- Having a special emphasis on the importance of oral history and the stories of the poor.
- Providing practical guidelines on records management for organizations.
- Reviewing the contexts in which documentation takes place and the information and collaboration necessary to ensure security and access of materials.
- Initiating plans for representation to and cooperation with professional archives groups, international agencies, ecclesiastical bodies and mission societies so that archives can be used for the empowerment and identity of ordinary people and minorities.
- Encouraging the establishment of regional networks, and
- Preparing and publicizing a fresh statement on Archives and Mission for the 21st Century.
All invited in this conference were asked to prepare a case study or paper for presentation. The conference included lectures, archive visits and workshop. I took part in the conference as one of and among other invited from the group of Asian theological librarians. My name was suggested to the Organizing Committee, Dr. John Roxborogh, by the Reverend John and Rita England who have been associated with the IAMS-IACM Organizing Committee.

Dr. Andrew Walls, a Scottish Methodist who is among the leading experts on Christianity in the Third World, summed up the archivist’s spirit by saying: “Never destroy piece of paper until you make at least two copies of it.” Walls gave a fascinating keynote address in which he reviewed the well-known statistics about the 20th century inversion in Christian demography. At the beginning of the century, 80 percent of Christians lived in Europe and North America; today 60 percent live in the Southern Hemisphere. “We begin the new century with a post-Christian West, and a post-Western Christianity,” he said.
In this context, Walls argued, building archival resources in Africa, Asia and Latin America is a matter of survival for Christians everywhere. Given that theological reflections arises out of the lived faith experience of a community, if it doesn’t happen in the South, “there won’t be theological studies anywhere much worth caring about.”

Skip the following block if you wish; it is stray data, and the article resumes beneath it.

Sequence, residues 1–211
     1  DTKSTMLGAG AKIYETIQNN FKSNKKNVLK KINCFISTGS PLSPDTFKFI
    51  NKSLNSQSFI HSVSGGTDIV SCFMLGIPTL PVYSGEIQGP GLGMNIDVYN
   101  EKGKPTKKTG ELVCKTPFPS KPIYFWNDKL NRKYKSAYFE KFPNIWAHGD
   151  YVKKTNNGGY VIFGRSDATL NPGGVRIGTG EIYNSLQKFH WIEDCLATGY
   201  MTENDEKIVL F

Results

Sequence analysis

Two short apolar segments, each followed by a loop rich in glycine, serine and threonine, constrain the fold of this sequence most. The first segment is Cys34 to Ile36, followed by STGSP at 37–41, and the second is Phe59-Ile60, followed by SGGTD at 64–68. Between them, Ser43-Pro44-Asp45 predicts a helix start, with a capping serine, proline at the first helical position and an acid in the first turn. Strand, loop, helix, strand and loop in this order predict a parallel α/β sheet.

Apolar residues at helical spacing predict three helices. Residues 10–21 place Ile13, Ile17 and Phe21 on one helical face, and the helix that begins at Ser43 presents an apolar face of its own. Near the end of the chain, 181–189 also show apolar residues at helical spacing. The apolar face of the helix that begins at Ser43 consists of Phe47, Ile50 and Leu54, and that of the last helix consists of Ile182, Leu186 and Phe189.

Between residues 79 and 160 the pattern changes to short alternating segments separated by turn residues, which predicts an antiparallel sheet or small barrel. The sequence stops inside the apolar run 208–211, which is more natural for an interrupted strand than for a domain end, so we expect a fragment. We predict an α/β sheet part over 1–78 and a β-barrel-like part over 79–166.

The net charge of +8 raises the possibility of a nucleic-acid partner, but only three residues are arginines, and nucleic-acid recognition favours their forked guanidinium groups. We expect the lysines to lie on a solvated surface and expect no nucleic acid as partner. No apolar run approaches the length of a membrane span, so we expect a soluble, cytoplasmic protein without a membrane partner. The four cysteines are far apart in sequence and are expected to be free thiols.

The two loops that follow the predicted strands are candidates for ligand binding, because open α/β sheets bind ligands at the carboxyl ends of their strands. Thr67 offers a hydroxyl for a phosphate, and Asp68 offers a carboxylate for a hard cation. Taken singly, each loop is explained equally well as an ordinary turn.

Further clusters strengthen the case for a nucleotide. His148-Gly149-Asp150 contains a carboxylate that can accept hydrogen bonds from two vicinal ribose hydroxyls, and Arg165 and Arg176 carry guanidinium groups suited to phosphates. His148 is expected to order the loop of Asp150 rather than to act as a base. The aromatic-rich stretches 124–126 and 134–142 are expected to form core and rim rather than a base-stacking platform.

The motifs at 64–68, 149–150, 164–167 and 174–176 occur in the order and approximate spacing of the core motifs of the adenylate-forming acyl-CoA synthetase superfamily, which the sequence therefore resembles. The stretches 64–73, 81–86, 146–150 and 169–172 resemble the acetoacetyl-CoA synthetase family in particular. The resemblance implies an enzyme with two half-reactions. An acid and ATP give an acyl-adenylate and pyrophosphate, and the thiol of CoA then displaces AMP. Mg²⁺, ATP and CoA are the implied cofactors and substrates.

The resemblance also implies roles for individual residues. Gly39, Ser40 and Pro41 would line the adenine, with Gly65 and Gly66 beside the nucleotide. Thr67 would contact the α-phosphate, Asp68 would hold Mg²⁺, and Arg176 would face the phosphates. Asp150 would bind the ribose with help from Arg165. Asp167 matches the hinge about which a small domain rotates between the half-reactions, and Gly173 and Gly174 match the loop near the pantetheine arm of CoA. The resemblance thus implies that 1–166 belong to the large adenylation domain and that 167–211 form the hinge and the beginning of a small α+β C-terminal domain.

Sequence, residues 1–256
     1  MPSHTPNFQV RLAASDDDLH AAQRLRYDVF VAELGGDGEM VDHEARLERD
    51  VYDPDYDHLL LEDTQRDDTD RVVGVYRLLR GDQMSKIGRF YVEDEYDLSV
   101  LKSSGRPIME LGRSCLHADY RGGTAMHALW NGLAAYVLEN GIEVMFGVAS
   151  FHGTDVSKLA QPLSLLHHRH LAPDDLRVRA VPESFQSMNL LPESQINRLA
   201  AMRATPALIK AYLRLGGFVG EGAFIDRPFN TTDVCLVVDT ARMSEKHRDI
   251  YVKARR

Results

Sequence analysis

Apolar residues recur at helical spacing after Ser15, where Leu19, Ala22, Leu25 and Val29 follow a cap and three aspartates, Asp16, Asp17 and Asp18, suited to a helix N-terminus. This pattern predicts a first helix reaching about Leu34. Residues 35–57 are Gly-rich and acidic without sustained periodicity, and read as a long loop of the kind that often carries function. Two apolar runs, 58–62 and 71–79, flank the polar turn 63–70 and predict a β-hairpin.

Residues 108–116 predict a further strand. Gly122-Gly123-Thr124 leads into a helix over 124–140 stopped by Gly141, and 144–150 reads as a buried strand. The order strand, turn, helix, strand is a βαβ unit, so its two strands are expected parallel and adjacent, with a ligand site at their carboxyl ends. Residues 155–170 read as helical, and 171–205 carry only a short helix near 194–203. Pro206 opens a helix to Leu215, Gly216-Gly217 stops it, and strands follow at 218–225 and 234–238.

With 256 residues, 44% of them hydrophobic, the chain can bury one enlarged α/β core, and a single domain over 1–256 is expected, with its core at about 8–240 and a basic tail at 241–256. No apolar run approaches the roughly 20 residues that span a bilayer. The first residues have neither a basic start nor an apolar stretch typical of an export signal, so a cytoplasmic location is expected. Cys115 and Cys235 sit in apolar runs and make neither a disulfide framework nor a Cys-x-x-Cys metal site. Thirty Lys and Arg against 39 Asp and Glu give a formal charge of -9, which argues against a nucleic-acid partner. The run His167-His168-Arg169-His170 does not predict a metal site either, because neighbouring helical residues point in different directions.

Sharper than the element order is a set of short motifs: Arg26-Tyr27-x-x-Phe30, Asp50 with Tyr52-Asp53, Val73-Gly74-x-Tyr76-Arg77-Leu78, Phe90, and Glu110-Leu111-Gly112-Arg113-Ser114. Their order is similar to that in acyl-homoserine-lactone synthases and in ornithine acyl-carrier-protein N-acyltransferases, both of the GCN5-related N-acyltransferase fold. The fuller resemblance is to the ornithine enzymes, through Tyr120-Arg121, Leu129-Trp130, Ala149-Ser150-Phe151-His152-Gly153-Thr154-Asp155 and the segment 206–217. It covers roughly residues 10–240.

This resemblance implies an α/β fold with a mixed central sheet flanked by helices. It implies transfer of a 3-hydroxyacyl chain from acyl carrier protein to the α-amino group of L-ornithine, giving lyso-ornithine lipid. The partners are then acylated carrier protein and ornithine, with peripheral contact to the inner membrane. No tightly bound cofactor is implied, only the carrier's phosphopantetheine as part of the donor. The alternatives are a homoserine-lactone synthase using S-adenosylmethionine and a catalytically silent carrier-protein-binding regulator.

Mission Archives: Considering the benefits
As a matter of fact many memories of people of faith are not being recorded. Where those memories are recorded often their preservation is uncertain, their location hazardous, and access and documentation non-existence. And therefore, it should be mentioned that in connection with the existence of [church or mission] archives centre sense of historical perspective and the concern of contemporary needs are factors that strengthening the ministry of mission.
David M. Howard once said that "it is this combination of historical perspective with contemporary needs that will greatly strengthen the ministry of any mission. And the archives of the mission can thus be seen as indispensable to the present and future vision and direction of the mission.” (David M. Howard from his presentation during the 2001 Consultation on Nondenominational Mission Archives). Consequently, to be the steward of a mission’s history is to care for and protect material that records the works of God acted out in the lives of men and women. We are challenged to keep in mind that now is the time to decide how best to retain the documents that identify our group librarians and archivists as unique and provide us with the means to continue to respond to God’s call faithfully and productively. Therefore, a mission and church archives will:
- Serve as a resource for current work.
- Remind individuals of the lessons from the past.
- Supplement fund-raising projects and publications with illustrations, photographs, and relevant documents.
- Facilitate training new missionaries.
- Enrich anniversary celebrations.
- Enhance visual and audio appeal to web sites and exhibits.
- Provide answer to legal queries.